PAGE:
By Shaena J. Johnson
In a blatant attempt to increase marginalization and victimization of low-income and less fortunate Hurricane Katrina and Rita victims in Mississippi, elected officials, along with the Biloxi Office of Community Development proposed an ordinance that would further displace these victims from their homes. The proposed Ordinance to amend Section 23-11-17(b) of the Code of Ordinances of the City of Biloxi, MS, provided (1) FEMA trailers do not meet building code specifications – making them susceptible to destruction by hurricane force winds; and (2) there has been “ample time” for individuals displaced Hurricane Katrina to make arrangements for securing permanent housing. City of Biloxi officials thus demanded residents with FEMA trailers apply for a Temporary Use Permit (30 days), which would still require that they vacate their homes within 30 days.
What the Office of Community Development and other Biloxi elected officials failed to fully comprehend was that fact not all Biloxi residents have recovered fully from the disasters. Residents like Chuck Rodgers (see below) live in front of their houses to protect their property and rebuilding supplies, and to rekindle some sense of normality after the destruction of their way of life.
Jerry Creel, Director of the Office of Community Development, was in strong support of the ordinance, stating that the trailers “could become projectiles in hurricane-like situations.” He also asserted that the residents in the trailers are doing nothing to recover, and that nobody was being kicked out of their homes. Although Creel does make a valid point about the lack of safety that the FEMA trailers provide, his statements are specious. While it is true that trailers could become projectiles, the same is true for patio furniture, trees, automobiles, and even humans.
Trinh Le, Community Empowerment Coordinator of the Hope Community Development Agency, is the social justice activist and community leader of the movement that opposed this weak ordinance. She coordinated many civil and human rights advocates, including Louisiana Justice Institute (LJI), to speak out against the issue, raising awareness of the injustices against our constituents. Further, Le coordinated a press conference before the Biloxi City Council meeting to vote on the ordinance, inviting members of each organization to the June 16th meeting, and asking them to speak to the city council in opposition of the proposed ordinance.
Le’s endeavors were a success. After the press conference, LJI, along with other organizations spoke on behalf of the residents in FEMA trailers, asking the council to disregard the ordinance. There were so many supporters of the FEMA trailer residents, that there was only standing room left in the council chambers. The council voted 7-0 on the ordinance, amending it so that residents would have 6 months, instead of 30 days to find permanent housing. The council also stated that all families in FEMA trailers must have a Case Management Worker and sign up with the Office of Community Development (that venue should be changed because of the stated condescending view of these residents by the director).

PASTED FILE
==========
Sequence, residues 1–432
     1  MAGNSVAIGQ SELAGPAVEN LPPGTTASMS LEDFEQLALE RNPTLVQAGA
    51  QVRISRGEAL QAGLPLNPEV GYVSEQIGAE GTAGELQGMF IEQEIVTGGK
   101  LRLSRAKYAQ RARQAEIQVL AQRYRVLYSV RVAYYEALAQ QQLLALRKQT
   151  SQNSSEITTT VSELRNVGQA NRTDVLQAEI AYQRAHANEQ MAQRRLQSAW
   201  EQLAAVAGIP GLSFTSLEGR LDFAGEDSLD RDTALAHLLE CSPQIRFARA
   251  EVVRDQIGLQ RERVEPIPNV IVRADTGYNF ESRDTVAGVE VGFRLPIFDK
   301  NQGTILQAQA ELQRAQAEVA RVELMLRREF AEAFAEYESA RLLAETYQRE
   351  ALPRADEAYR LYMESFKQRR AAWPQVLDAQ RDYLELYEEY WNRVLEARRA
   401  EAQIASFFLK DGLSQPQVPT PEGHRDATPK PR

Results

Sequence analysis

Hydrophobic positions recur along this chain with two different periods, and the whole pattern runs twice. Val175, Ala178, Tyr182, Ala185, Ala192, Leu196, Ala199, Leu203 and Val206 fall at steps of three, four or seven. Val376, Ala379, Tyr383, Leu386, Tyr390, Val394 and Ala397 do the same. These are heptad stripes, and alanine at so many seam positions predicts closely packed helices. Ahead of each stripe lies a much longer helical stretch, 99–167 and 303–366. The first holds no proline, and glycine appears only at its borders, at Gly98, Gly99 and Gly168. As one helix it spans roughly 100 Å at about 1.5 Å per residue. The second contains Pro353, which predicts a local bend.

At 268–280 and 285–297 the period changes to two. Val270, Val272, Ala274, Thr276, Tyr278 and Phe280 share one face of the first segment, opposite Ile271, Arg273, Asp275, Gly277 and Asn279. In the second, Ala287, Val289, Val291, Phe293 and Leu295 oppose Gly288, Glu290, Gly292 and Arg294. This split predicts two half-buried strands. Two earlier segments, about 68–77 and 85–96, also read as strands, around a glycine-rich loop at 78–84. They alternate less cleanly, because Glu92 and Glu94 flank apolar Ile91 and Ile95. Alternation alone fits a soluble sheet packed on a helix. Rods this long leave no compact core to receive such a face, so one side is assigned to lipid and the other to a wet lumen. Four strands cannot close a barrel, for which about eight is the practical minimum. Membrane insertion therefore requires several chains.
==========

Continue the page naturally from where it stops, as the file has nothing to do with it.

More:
While the Gulf Coast advocates were successful with this effort, it is also apparent there were unfair obstacles placed in the way of poor and often elderly residents in restoring their lives with dignity and respect. In this case, government officials played “fast and loose” with calendar scheduling to try and thwart the efforts of advocates working to support these residents. The Biloxi council placed the ordinance on the meeting agenda at the last minute, after weeks of rescheduling, and then moved the item last for hearing, notwithstanding the fact it was objectively the most important measure on the calendar. But justice was not delayed by obfuscation. Advocates stayed the course, for the entire meeting.
We have learned many lessons from the situation in Biloxi. People need to realize that no one entity can possible give anyone a timeline for full recovery from a disaster. We cannot tell a family that their home will be taken away from them, unless we have a plausible solution or alternative. Revolving deadlines and eviction notices do nothing but hurt the families involved. Instead of “barking out orders,” organizations and companies must provide solutions and alternatives, before notifying a family of eviction or relocation.